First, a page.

David Groves works for Sea Spring Sea Farms which operates fish farms in the Inside Passage of the British Columbia coast using proven methods of net pen farming.
A moratorium on the process was lifted with certain restrictions. The practice of fallowing (moving existing farms to different sites) is allowed to resume but any new farms must employ a closed containment system of fish pens.
"The closed containment pen is a bag instead of a net," Groves said. "It is not economical. It is too expensive and we think it fails to solve any perceived problems. The waste leaves the bag untreated, or the cost of treatment is too high. Unconsumed feed is a problem that accumulates at the bottom of the bag."
"Net pens have become very cost efficient with the use of TV monitoring," he continued. "They waste no feed and now we are seeing incredible savings in doing business. We stop feeding the fish when the fish stop feeding. We use better technology for examining the surface. We employ survey boats, map water columns and currents, and improve conditions at existing farms sites. We reorient the sites to make use of currents, which dispose of annual aerobic breakdown quickly. It becomes a nutrient to the sea."
Groves said the closed containment system has far more fish in it. Disposing of more waste involves expensive machinery. "Future Sea Pens are closed containment systems. They are effective on lakes. They are installed on the Brador Lakes and The Great Lakes," he explained. "They contain rainbow trout, which run at higher density. In the ocean environment they will be technically viable later. It is in development, but it is not commercially viable."
He looks forward to initiatives in growing black cod and halibut. "We will see the BC coast in a very competitive global market. We are a bit player. Norwegians and Chileans are huge and they control the industry."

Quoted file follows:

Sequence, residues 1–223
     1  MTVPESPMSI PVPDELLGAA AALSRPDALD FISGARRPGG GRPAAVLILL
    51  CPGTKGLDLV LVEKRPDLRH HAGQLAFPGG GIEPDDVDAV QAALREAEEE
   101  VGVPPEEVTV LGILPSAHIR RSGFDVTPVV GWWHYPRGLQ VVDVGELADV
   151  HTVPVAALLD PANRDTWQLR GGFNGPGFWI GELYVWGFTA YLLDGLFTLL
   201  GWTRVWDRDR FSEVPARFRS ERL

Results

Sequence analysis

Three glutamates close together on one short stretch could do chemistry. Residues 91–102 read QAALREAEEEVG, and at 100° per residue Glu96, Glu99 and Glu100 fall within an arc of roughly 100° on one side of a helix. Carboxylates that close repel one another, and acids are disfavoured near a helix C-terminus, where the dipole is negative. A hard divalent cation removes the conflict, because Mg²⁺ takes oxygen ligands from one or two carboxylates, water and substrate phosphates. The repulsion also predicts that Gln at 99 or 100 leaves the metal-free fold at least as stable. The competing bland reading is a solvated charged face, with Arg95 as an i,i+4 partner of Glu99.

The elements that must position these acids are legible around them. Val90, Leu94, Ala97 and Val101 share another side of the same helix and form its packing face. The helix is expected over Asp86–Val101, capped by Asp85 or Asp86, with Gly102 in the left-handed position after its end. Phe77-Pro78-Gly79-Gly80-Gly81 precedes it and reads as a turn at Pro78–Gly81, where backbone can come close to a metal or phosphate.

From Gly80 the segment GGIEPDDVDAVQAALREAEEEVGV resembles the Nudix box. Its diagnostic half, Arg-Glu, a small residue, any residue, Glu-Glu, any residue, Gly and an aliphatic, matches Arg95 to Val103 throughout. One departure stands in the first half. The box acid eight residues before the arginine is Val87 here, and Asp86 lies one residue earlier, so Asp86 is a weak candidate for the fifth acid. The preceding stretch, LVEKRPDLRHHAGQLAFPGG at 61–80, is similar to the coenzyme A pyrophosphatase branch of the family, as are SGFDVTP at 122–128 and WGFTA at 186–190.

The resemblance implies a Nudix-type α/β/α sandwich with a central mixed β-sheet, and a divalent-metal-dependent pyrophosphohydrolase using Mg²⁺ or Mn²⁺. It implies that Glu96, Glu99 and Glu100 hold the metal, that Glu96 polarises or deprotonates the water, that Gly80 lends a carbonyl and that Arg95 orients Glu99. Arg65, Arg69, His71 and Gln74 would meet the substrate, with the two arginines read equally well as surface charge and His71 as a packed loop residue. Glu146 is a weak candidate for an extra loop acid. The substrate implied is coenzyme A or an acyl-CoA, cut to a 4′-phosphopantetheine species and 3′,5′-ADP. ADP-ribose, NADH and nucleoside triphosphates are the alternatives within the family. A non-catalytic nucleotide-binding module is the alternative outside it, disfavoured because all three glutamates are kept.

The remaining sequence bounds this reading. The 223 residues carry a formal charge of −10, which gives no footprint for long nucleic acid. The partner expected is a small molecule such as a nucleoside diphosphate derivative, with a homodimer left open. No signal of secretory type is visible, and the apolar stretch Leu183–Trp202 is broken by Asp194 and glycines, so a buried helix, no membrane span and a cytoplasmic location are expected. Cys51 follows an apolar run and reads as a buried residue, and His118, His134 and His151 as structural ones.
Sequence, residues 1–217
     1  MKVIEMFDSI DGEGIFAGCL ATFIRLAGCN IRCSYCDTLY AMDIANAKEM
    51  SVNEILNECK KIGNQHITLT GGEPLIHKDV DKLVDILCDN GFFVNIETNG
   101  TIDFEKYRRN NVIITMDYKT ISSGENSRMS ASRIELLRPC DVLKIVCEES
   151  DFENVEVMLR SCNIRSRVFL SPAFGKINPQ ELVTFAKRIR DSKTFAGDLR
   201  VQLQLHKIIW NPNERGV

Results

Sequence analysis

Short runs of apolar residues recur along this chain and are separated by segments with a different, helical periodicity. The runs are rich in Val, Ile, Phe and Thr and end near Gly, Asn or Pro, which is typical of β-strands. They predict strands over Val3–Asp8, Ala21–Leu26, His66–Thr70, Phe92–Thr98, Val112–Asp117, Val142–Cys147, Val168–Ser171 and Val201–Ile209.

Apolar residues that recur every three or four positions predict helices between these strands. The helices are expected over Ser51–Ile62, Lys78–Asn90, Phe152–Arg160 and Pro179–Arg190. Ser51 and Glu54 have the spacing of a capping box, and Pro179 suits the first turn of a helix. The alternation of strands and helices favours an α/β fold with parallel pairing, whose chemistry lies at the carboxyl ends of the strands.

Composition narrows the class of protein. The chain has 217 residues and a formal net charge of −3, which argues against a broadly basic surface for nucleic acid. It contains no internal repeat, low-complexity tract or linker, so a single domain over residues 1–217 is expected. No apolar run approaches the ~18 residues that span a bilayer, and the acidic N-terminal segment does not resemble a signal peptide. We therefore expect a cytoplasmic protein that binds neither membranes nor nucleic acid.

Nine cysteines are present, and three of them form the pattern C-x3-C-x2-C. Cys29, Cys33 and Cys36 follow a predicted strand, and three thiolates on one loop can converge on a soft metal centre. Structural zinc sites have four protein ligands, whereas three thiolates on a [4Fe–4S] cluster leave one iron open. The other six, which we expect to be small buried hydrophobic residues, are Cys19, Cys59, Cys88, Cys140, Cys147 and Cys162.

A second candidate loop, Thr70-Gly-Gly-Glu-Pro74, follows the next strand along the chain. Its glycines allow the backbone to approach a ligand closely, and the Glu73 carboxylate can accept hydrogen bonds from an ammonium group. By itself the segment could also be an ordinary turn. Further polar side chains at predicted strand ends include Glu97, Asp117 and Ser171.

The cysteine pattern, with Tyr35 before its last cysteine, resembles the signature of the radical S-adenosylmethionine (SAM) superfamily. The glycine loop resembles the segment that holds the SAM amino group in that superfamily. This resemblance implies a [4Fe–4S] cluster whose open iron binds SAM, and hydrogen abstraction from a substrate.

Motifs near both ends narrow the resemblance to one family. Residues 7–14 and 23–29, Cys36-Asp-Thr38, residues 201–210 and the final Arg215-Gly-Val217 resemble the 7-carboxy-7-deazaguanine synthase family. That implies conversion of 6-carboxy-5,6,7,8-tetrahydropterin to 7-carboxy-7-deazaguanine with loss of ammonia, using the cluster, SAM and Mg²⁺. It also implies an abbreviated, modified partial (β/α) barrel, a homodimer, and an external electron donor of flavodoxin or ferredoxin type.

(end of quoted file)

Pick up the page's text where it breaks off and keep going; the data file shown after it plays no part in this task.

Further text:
As for the future in the BC coast, Groves feels the winds of change. "When it began the First Nations were never consulted," he said. "They were busy in the commercial fishery that thrived at that time. It is a shame to say they were overlooked. That is the difference today. The First Nations referrals are a key part of the licensing process."
Phil Andrew works at Future Sea Technology in Nanaimo, British Columbia, which has researched and developed the closed containment fish pen for the past 10 years, gradually bringing it to a state of commercial viability.
Andrew explained that the government has said new sites will use closed containment pens for the next year or so to evaluate new technology. The release given to the industry in November '99 "fits well with our business plans.
"We have been anxious to see the climate change for business and the future of this industry. We have sold a few pens in the province. We have sold internationally to the U.S. and Australia. We have sold to eastern Canada."
He said the company has excellent results in lakes. "We have the capability to remove solid waste from feed and fish waste. The company developed and patented a waste trap."
Andrew agreed the technology is more expensive than net pens, adding that closed containment can operate in places where net pens are inappropriate. "We have reductions in feed costs, which is the number one operating cost of fish farming. Our future is across Canada and therefore we are speaking to First Nations fisheries across the country."
The typical pen holds 10,000 fish, he explained, and the company provides different sizes. "We grow the salmon to four kilograms in about 18 to 24 months. We have one in Departure Bay under the supervision of the DFO at the Pacific Biological Station in Nanaimo. We provide the pen and the operators. They monitor a set of experiments and publish the results."
Future Sea Technologies operates in Nanaimo and Port Moody.